59. Laakmann S, Gerdts G, Erler R, Knebelsberger P, Martínez Arbizu P, Raupach MJ (2013) Comparison of molecular species identification for North Sea calanoid copepods (Crustacea) using proteome fingerprints and DNA sequences. Mol Ecol Res 13:862–876CrossRefGoogle Scholar
  60. Le Ruyet-Person J, Razouls C, Razouls S (1975) Biologie comparée entre espèces vicariantes et communes de copépodes dans un écosystème néritique en Méditerranée et en Manche. Vie Milieu 25:283–312Google Scholar
  61. Lee HW, Ban S, Ikeda T, Matsuishi T (2003) Effect of temperature on development, growth and reproduction in the marine copepod Pseudocalanus newmani at satiating food condition. J Plankton Res 25:261–271CrossRefGoogle Scholar
  62. Lindley JA (1986) Dormant eggs of calanoid copepods in sea-bed sediments of the English Channel and southern North Sea. J Plankton Res 8(2):399–400CrossRefGoogle Scholar
  63. Lindley JA (1990) Distribution of overwintering calanoid copepod eggs in sea-bed sediments around southern. Br Mar Biol 104:209–217CrossRefGoogle Scholar
  64. Lindley JA, Batten SD (2002) Long-term variability in the diversity of North Sea zooplankton. J Mar Biol Assoc UK 82:31–40Google Scholar
  65. Lock AR, McLaren IA (1970) The effect of varying and constant temperatures on the size of a marine copepod. Limnol Oceanogr 15:638–640CrossRefGoogle Scholar
  66. Marshall SM (1949) On the biology of the small copepods in Loch Striven. J Mar Biol Assoc UK 28:45–122CrossRefGoogle Scholar
  67. Mclaren IA (1965) Some relationships between temperature and egg size, body size, development rate, and fecundity of the copepod Pseudocalanus. Limnol Oceanogr 10:528–538CrossRefGoogle Scholar
  68. McLaren IA (1978) Generation lengths of some temperate marine copepods: estimation, prediction, and implications. J Fish Res Board Can 35(10):1330–1342CrossRefGoogle Scholar
  69. Myers RA, Runge JA (1983) Predictions of seasonal natural mortality rates in a copepod population using life-history theory. Mar Ecol Prog Ser 11:189–219CrossRefGoogle Scholar
  70. Næss T (1991) Marine calanoid resting eggs in Norway: abundance and distribution of two copepod species in the sediment of an enclosed marine basin. Mar Biol 110(2):261–266CrossRefGoogle Scholar
  71. Næss T, Nilssen JP (1991) Diapausing fertilized adults. A new pattern of copepod life cycle. Oecologia (Berl) 86:368–371CrossRefGoogle Scholar
  72. Norrbin MF (1994) Seasonal patterns in gonad maturation, sex ratio and size in some small, high latitude copepods: implications for overwintering tactics. J Plankton Res 16:115–131CrossRefGoogle Scholar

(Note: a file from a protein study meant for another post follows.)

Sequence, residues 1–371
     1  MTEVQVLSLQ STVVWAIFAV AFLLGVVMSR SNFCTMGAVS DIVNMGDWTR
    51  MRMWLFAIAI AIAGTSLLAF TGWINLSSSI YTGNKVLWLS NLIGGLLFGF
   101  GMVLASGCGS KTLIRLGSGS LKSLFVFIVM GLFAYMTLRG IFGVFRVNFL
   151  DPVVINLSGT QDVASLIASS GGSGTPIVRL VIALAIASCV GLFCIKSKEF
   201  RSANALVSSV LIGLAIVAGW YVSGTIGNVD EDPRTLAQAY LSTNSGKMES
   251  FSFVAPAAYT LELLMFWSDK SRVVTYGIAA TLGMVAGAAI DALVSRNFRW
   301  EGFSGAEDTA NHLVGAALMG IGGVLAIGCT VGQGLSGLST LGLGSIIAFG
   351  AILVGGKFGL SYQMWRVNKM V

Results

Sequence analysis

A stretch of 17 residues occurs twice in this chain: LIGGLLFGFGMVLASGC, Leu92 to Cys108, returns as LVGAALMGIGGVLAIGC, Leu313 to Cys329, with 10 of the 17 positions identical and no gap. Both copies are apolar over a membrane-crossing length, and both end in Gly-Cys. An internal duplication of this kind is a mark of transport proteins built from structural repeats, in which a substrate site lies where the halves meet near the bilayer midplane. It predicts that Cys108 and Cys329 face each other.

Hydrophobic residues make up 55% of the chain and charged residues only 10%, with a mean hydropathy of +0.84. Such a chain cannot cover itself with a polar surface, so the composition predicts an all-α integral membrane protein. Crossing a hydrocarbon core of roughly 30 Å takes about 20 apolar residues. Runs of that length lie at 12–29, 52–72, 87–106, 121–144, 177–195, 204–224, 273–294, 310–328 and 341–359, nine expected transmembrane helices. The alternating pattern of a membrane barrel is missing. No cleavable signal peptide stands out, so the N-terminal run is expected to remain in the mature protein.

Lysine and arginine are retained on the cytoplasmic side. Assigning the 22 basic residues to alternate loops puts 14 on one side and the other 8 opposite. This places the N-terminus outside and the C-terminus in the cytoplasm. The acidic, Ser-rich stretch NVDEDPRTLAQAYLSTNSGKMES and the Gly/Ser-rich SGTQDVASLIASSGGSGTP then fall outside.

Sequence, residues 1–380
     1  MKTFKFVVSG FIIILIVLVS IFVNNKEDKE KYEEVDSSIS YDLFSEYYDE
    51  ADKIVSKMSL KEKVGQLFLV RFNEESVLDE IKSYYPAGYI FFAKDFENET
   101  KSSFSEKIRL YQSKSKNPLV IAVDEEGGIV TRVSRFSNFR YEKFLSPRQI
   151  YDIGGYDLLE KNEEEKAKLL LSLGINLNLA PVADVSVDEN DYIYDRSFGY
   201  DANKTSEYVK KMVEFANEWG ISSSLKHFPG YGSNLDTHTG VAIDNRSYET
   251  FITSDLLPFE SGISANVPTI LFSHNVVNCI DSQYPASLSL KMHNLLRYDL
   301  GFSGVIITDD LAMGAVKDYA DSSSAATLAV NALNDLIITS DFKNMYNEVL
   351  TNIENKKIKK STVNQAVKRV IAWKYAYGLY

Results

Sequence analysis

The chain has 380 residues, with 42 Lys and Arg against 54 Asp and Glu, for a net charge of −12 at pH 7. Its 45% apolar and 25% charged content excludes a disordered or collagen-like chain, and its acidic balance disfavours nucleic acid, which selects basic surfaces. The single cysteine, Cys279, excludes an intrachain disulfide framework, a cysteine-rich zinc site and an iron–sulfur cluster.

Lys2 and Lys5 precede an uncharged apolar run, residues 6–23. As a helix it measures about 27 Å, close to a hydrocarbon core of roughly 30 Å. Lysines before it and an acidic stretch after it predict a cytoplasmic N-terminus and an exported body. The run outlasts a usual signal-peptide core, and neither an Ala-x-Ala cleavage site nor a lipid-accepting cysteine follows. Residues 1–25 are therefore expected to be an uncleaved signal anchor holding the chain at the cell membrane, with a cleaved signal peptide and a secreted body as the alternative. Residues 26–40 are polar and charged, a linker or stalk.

73. Norrbin MF (2001) Ultra-structural changes in the reproductive system of overwintering females of Acartia longiremis. Mar Biol 139:697–704CrossRefGoogle Scholar
  74. O’Brien WJ (1979) The predator–prey interaction of planktivorous fish and zooplankton. Am Sci 67:572–581Google Scholar
  75. O’Brien TD, Wiebe P, Falkenhaug T (eds) (2013) ICES zooplankton status report 2010/20121. ICES Coop Res Rep 318:1–212Google Scholar
  76. Pertzova NM (1974) Life cycle and ecology of a thermophilous copepod Centropages hamatus in the White Sea. Zool Zh 53:1013–1022Google Scholar
  77. Peterson WT (2001) Patterns in stage duration and development among marine and freshwater calanoid and cyclopoid copepods: a review of rules, physiological constraints, and evolutionary significance. Hydrobiologia 453(454):91–105CrossRefGoogle Scholar
  78. Razouls S (1975) Fécondité, maturité sexuelle et differenciation de l’appareil génital des femelles de deux copépodes planctoniques: Centropages typicus et Temora stylifera. Publ Stazione Zoologica Napoli 39:297–306Google Scholar
  79. Riccardi N, Mariotto L (2000) Seasonal variations in copepod body length: a comparison between different species in the Lagoon of Venice. Aquat Ecol 34:243–252CrossRefGoogle Scholar
  80. Sander F, Moore EA (1983) Physioecology of tropical marine copepods. I. Size variations. Crustaceana 44:83–93CrossRefGoogle Scholar
  81. Smith SL, Lane PVZ (1987) On the life history of Centropages typicus: responses to a fall diatom bloom in the New York Bight. Mar Biol 95:305–313CrossRefGoogle Scholar
  82. Sun X, Liang Z, Zou J, Wang L (2013) Seasonal variation in community structure and body length of dominant copepods around artificial reefs in Xiaoshi Island, China. Chin J Oceanol Limnol 31:282–289CrossRefGoogle Scholar
  83. Thompson BM (1982) Growth and development of Pseudocalanus elongatus and Calanus sp. in the laboratory. J Mar Biol Assoc UK 62:359–372CrossRefGoogle Scholar
  84. Visser ME, Both C (2005) Shifts in phenology due to global climate change: the need for a yardstick. Proc Biol Sci 272:2561–2569. CrossRefPubMedPubMedCentralGoogle Scholar
  85. Warren GJ, Evans MS, Jude DJ, Ayers JC (1986) Seasonal variations in copepod size: effects of temperature, food abundance, and vertebrate predation. J Plankton Res 8:841–853CrossRefGoogle Scholar
  86. Wells L (1970) Effects of alewife predation on zooplankton populations in Lake Michigan. Limnol Oceanogr 15:556–565CrossRefGoogle Scholar
  87. Wiltshire KH, Dürselen CD (2004) Revision and quality analyses of the Helgoland Reede long-term phytoplankton data archive. Helgol Mar Res 58:252–268CrossRefGoogle Scholar
  88. Wiltshire KH, Malzahn AM, Wirtz K, Greve W, Janisch S, Mangelsdorf P, Manly BFJ, Boersma M (2008) Resilience of North Sea phytoplankton spring bloom dynamics: an analysis of long-term data at Helgoland Roads. Limnol Oceanogr 53:1294–1302CrossRefGoogle Scholar
  89. Wiltshire KH, Kraberg A, Bartsch I, Boersma M, Franke H-D, Freund J, Gebühr C, Gerdts G, Stockmann K, Wichels A (2010) Helgoland Roads, North Sea: 45 years of change. Estuar Coasts 33:295–310CrossRefGoogle Scholar
  90. Wiltshire KH, Boersma M, Carstens K, Kraberg AC, Peters S, Scharfe M (2015) Control of phytoplankton in a shelf sea: determination of the main drivers based on the Helgoland Roads Time Series. J Sea Res 105:42–52CrossRefGoogle Scholar
  91. Zaret TG (1980) Predation and freshwater communities. Yale University Press, New HavenGoogle Scholar

Copyright information

© Springer-Verlag GmbH Germany, part of Springer Nature 2019

Authors and Affiliations

  1. 1.Alfred Wegener Institute, Helmholtz Centre for Polar and Marine ResearchBremerhavenGermany
  2. 2.Biologische Anstalt HelgolandHelgolandGermany
  3. 3.FB2University of BremenBremenGermany
  4. 4.WattenmeerstationList/SyltGermany
  5. 5.University of KielKielGermany

Personalised recommendations